The German market is in negative territory on Thursday, as a series of negative economic news dampened investor confidence, doing little to mitigate the concerns of a debt contagion.
Moody's Investors Service on Wednesday downgraded two euro area members, Spain and Cyprus, and placed their bond ratings on review for further possible downgrade. Spanish government bond rating was lowered by three notches to Baa3 from A3, just one notch above the junk level.
Moody's said the government's decision to seek 100 billion euros financial support from EU will further increase the country's debt burden, which has risen dramatically since the onset of the financial crisis.
Spain's benchmark 10-year bond yield hit a euro-era record high 7 percent today. Meanwhile, Italy raised the targeted maximum amount at a debt auction, but the yield on its three-year bond surged as investors remained worried that the country may be the next to seek a bailout.
Chancellor Angela Merkel has said that Germany is ready to use its powers to mend the global economy, but its strength is not limitless. Speaking to the German Parliament, she urged other euro nations not to overestimate Germany's ability to fight the crisis. Its "strength is not unlimited," Merkel was quoted as saying.
The Euro Stoxx 50 index of eurozone bluechip stocks is losing 0.76 percent, while the Stoxx Europe 50 index, which includes some major U.K. companies, is falling 0.74 percent.
The DAX index opened lower and is currently falling 1 percent.
Daimler is leading the losers by declining 3.3 percent. BMW and Volkswagen are falling 2.8 percent and 1.6 percent, respectively.
Infineon Technologies and Adidas are declining 2.9 percent each.
Kabel Deutschland is falling 1.2 percent. The cable operator reported a profit for the fourth quarter, and added that it would keep dividend for 2012/2013 unchanged from the prior year.
Fraport is moderately down. The operator of Frankfurt Airport reported a slight increase in passenger traffic for May.
Dialog Semiconductor is declining 8 percent after Berenberg cut the stock to "Hold" from "Buy."
Cheuvreux reduced its rating on RWE to "Outperform" from "Selected List." The stock is down 0.7 percent.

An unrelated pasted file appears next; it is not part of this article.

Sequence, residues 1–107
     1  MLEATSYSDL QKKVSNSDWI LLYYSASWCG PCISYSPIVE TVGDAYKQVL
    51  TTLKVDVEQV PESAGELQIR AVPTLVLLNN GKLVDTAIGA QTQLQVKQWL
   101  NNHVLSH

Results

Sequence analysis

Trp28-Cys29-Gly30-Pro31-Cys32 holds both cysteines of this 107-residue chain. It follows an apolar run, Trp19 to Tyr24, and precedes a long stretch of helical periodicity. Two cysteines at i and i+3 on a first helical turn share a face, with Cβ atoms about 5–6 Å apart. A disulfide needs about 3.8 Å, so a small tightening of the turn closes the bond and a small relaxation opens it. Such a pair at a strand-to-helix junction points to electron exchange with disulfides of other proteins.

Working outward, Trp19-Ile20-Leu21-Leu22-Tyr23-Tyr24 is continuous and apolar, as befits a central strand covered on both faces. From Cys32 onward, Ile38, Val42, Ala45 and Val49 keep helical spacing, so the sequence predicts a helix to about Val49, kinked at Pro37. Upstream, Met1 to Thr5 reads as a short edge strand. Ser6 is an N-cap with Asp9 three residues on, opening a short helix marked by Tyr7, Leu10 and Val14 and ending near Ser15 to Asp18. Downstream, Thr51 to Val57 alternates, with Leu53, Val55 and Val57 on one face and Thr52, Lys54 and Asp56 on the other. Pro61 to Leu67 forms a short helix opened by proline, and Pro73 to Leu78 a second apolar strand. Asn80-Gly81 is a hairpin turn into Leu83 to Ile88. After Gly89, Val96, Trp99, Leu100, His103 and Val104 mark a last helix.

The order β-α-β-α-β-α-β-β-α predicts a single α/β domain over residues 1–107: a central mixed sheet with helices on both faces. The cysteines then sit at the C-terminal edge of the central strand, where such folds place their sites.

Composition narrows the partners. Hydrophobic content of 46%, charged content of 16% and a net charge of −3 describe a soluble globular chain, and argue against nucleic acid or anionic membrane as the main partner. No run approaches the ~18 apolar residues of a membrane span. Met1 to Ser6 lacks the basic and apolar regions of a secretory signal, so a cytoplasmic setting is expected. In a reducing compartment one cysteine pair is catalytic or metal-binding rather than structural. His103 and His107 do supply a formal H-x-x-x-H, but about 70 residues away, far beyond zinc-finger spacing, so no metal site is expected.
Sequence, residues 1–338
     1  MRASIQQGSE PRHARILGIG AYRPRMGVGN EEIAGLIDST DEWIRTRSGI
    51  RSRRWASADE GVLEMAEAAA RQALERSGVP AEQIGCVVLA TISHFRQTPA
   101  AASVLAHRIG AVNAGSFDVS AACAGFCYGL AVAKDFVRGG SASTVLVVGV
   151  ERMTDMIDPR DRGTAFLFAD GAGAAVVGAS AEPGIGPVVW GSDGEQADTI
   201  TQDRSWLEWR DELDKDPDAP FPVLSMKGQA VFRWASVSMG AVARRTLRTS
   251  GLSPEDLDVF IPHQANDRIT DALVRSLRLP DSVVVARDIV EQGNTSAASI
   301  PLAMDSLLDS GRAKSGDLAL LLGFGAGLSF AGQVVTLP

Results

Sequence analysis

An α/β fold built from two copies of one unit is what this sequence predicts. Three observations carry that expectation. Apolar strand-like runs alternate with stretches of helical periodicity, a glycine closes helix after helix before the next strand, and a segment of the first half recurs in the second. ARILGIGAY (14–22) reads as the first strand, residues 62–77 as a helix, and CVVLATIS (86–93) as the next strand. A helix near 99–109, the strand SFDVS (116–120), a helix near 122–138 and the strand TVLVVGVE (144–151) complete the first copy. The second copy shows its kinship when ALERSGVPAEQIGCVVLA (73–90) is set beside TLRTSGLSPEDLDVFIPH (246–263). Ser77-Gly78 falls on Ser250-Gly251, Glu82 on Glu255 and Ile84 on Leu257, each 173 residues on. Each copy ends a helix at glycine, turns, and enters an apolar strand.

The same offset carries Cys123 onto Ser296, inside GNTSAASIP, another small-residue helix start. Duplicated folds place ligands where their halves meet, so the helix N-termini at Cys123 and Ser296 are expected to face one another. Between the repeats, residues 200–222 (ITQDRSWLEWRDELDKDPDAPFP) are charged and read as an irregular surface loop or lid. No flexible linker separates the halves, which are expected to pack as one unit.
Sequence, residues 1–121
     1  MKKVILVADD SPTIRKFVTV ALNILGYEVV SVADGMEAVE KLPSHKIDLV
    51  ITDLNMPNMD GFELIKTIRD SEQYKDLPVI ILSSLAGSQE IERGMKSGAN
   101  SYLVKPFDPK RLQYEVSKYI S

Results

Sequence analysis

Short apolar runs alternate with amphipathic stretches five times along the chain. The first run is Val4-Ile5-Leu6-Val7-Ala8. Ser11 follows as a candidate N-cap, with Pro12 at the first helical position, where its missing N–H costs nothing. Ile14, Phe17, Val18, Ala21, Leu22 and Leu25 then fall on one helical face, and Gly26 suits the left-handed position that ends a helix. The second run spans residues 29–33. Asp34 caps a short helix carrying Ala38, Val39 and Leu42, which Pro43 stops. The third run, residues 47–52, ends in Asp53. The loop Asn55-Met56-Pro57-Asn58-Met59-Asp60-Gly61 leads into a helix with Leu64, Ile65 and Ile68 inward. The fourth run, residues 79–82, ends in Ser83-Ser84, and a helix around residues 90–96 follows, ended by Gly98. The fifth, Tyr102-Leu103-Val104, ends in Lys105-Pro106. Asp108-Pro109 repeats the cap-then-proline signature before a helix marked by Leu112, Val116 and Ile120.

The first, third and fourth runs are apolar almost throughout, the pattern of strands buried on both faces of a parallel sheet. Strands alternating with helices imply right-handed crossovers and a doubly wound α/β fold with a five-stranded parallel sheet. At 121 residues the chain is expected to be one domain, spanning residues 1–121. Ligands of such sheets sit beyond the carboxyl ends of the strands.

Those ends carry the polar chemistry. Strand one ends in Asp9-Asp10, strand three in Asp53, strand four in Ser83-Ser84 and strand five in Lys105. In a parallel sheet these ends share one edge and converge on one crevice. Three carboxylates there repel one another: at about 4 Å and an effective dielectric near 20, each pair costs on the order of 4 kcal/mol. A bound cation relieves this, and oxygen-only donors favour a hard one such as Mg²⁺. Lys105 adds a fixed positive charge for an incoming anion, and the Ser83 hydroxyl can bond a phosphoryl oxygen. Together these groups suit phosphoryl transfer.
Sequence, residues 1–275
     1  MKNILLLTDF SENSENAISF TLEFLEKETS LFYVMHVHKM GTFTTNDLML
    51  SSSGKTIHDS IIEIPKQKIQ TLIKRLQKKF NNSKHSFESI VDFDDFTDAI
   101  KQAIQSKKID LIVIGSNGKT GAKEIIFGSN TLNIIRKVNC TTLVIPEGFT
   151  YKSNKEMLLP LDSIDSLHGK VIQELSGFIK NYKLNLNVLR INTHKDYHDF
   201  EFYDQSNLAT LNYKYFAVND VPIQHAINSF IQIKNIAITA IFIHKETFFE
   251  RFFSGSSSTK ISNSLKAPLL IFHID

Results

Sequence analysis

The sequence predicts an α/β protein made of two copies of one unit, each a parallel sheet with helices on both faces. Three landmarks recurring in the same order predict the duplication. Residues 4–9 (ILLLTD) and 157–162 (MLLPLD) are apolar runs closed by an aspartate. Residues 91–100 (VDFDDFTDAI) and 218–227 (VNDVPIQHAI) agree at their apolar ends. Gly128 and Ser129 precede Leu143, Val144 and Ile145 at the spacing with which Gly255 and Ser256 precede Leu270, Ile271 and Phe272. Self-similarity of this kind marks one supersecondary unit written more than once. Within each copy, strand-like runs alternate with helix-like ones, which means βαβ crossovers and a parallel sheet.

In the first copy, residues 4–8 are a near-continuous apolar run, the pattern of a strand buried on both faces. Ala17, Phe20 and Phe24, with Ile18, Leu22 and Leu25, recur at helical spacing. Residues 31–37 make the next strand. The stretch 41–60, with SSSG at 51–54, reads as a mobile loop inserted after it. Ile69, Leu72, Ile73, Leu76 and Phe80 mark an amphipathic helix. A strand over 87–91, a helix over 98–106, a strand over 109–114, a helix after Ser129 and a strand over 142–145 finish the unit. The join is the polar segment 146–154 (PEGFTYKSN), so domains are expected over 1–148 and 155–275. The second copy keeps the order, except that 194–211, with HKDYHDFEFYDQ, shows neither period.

Deutsche Bank is declining 2.7 percent while Commerzbank is losing moderately.
Cheuvreux raised HeidelbergCement to "Outperform" from "Underperform." The shares are dropping around 2 percent.
TUI is climbing 1.5 percent. The travel firm was upgraded to "Buy" from "Hold" at Deutsche Bank.
Elsewhere in Europe, the French CAC 40 is falling 0.89 percent and the UK's FTSE 100 is losing 0.89 percent. Switzerland's SMI is dropping 0.85 percent.
In economic news, the Swiss National Bank decided to retain the exchange rate cap and the near-zero interest rate, but said it "will not tolerate" further gains in the currency and is prepared to take necessary measures at any time.
The central bank said it would continue to enforce the minimum exchange rate of 1.20 Swiss francs per euro "with the utmost determination." The bank said it is prepared to buy foreign currency in unlimited quantities for this purpose.
Data from Eurostat showed that Eurozone inflation slowed to a 15-month low in May as initially estimated. Annual inflation fell to 2.4 percent from 2.6 percent in April. On a monthly basis, consumer prices were down 0.1 percent in May.
Across Asia/Pacific, major markets ended in the red. Australia's All Ordinaries slid 0.5 percent, China's Shanghai Composite Index lost 1 percent and Hong Kong's Hang Seng declined 1.2 percent. Japan's Nikkei 225 slipped 0.2 percent.
In the U.S., futures point to a slightly lower open on Wall Street. In the previous session, the major averages edged up off their worst levels going into the close but remained stuck firmly in negative territory. The Dow fell 0.6 percent, the Nasdaq slid 0.9 percent and the S&P 500 dropped 0.7 percent.
In the commodity space, crude for July delivery is adding $0.03 to $82.65 per barrel and August gold is losing $0.3 to $1619.1 a troy ounce.
by RTT Staff Writer
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